Rachel Simas has lived in Thornton for 30 years — despite the foul-tasting water that can soil her clothes, gang activity and a dearth of shopping opportunities.
But she enjoys her one-and-a -third acres, a vegetable garden and the room for her dogs, cats and chickens. Perhaps most importantly, her property has been paid off.
That keeps her in Thornton.
But it didn't stop her from driving to the Thornton Community Center on Thursday night to show San Joaquin County officials the water filter she removed from her sink last week. It looked more like an oil filter that hadn't been changed in a year.
Simas was one of about 30 Thornton residents to listen to representatives from the county and a nonprofit organization called Clean Water Action discuss their options.
Residents became discouraged when county Deputy Public Works Director Steve Winkler told them that residents would have to pay through the nose to construct and maintain a filtration plant in Thornton. It would cost about $800 per residence annually, Winkler said.
Five years ago, two-thirds of Thornton residents said they couldn't afford to pay more than they're already paying, Winkler said. Residents will get a chance to vote again in the fall.
Clean Water Action representatives Jennifer Clary and Virginia Madueno explained the chemistry of water and how to communicate with the county.
Madueno said after the meeting that people who want to complain about the Thornton water may call county Public Works, 468-3000, or the Board of Supervisors office, 468-3113.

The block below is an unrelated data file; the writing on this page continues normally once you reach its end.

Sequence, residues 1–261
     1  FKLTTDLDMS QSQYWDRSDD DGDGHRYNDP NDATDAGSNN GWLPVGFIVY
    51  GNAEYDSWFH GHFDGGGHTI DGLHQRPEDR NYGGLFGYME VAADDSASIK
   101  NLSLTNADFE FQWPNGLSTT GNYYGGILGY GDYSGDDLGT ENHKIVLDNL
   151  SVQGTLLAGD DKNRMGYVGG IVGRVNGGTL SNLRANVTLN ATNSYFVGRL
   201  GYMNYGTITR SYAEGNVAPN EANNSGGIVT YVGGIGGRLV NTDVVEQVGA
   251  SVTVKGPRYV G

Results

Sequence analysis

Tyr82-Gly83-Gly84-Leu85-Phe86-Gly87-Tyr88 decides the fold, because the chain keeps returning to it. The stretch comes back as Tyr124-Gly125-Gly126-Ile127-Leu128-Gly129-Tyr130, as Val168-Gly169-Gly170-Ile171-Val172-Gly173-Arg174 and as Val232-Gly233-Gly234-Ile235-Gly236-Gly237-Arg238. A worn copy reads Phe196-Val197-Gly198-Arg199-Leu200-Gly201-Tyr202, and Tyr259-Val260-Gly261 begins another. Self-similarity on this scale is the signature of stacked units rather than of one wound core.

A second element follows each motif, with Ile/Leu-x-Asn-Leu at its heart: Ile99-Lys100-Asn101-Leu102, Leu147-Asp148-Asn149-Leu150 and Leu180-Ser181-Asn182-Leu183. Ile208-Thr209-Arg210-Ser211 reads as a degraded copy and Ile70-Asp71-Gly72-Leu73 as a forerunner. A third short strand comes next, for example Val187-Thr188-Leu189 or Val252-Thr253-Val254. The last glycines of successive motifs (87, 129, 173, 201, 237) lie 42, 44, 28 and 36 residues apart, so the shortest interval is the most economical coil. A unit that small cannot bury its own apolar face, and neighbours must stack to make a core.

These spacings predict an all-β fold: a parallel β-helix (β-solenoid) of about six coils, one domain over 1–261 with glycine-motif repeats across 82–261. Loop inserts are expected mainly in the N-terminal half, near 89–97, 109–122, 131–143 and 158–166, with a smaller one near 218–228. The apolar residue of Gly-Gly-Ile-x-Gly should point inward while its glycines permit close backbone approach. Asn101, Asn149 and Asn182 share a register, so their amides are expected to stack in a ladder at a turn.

Encouraging residents to voice their displeasure, Clary told residents, "Complaining doesn't mean your water rates will go up."
Winkler admitted that Thornton water sometimes has a "rotten egg smell," but he maintains that it's perfectly safe to use.
Winkler admitted that the Thornton water isn't ideal.
"Your water is safe to state standards, but it isn't pretty," Winkler said. "You probably eat 20 to 30 times as much manganese from what you eat than from the water."
The issue came up when Madueno began surveying Thornton residents earlier this year about their water quality. She added that she plans to continue going door to door to communicate with residents. "It was very informative," Simas said of Thursday's meeting. "Too bad we couldn't get anything done."
Estimated cost to filter manganese out of Thornton water system
• $1.5 million for installation ($450 per residence in Thornton). • $100,000 in annual operational and maintenance costs ($360 per residence annually or $30 per month). — Source: San Joaquin County.